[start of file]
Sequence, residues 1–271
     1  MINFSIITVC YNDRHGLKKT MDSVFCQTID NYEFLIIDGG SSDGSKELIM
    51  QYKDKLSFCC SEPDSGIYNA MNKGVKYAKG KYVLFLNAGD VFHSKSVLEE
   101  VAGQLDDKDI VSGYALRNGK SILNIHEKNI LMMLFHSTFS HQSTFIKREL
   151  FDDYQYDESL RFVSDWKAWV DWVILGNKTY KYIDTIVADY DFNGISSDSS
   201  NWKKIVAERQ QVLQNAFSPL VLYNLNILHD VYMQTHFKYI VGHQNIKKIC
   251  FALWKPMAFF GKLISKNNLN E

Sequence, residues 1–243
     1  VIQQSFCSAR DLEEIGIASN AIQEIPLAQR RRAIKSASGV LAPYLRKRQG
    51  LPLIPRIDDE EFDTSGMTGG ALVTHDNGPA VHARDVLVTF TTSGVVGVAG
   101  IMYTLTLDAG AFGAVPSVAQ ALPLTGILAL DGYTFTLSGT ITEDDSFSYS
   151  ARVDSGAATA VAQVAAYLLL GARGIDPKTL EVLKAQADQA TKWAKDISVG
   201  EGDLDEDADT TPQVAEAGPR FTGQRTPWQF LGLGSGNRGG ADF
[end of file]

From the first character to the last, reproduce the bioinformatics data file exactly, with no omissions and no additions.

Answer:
Sequence, residues 1–271
     1  MINFSIITVC YNDRHGLKKT MDSVFCQTID NYEFLIIDGG SSDGSKELIM
    51  QYKDKLSFCC SEPDSGIYNA MNKGVKYAKG KYVLFLNAGD VFHSKSVLEE
   101  VAGQLDDKDI VSGYALRNGK SILNIHEKNI LMMLFHSTFS HQSTFIKREL
   151  FDDYQYDESL RFVSDWKAWV DWVILGNKTY KYIDTIVADY DFNGISSDSS
   201  NWKKIVAERQ QVLQNAFSPL VLYNLNILHD VYMQTHFKYI VGHQNIKKIC
   251  FALWKPMAFF GKLISKNNLN E

Sequence, residues 1–243
     1  VIQQSFCSAR DLEEIGIASN AIQEIPLAQR RRAIKSASGV LAPYLRKRQG
    51  LPLIPRIDDE EFDTSGMTGG ALVTHDNGPA VHARDVLVTF TTSGVVGVAG
   101  IMYTLTLDAG AFGAVPSVAQ ALPLTGILAL DGYTFTLSGT ITEDDSFSYS
   151  ARVDSGAATA VAQVAAYLLL GARGIDPKTL EVLKAQADQA TKWAKDISVG
   201  EGDLDEDADT TPQVAEAGPR FTGQRTPWQF LGLGSGNRGG ADF